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Since 1732, the Redemptorists — a congregation of missionary priests and brothers — have followed in Jesus’ footsteps, preaching the Word and serving the poor and most abandoned.
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Lenten reflection, day 21

I suspect that for many people, the ability to forgive depends on whether they feel life has treated them fairly. Much depends on the kind of relationships we’ve had with our parents and others in our early formation. Limited or limitless forgiveness, the seven times 70 of Christ in today’s Gospel, makes all the difference. 

People in 12-step programs often develop an extraordinary capacity for forgiveness because the program demands acknowledging the wounds inflicted on self and others through one’s addiction. One can argue that the core of Christian faith, let alone Lent, is our conviction that God forgives and loves us first, unconditionally.

God lifts us up from our brokenness and woundedness when we had absolutely no claim on his love and compassion. We celebrate the paschal mystery that is Lent, joyously professing that our God goes all the way for us, even in the face of our failures and sins. The degree to which we can experience this kind of liberation determines our freedom to offer it to others.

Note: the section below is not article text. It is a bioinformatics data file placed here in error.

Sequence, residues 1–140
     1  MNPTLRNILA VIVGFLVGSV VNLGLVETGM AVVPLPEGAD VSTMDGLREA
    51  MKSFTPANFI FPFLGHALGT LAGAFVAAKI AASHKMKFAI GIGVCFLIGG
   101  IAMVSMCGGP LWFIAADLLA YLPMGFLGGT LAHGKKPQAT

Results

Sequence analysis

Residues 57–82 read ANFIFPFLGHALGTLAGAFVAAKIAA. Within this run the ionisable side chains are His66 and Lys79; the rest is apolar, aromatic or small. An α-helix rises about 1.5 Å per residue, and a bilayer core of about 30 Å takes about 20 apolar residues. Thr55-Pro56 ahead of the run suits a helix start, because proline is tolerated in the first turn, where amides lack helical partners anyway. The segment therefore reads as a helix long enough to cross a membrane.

Too many of us are not passionately magnanimous because we never deeply face our own unlovability. On the surface, most of us don’t consider ourselves particularly sinful, so our relationship with God, and consequently with others, remains tepid and superficial.

Lent is all about letting God the Holy Spirit forgive, heal, and love us. Then we can be on fire to proclaim the delirious reconciliation Christ is for all people and the joy of his glorious life, death, and resurrection! Lent is living Easter joy!

Father Francis Gargani, C.Ss.R.
Brooklyn, N.Y.

Scripture readings for today: Daniel 3:25, 34-43; Psalm 25; Matthew 18:21-35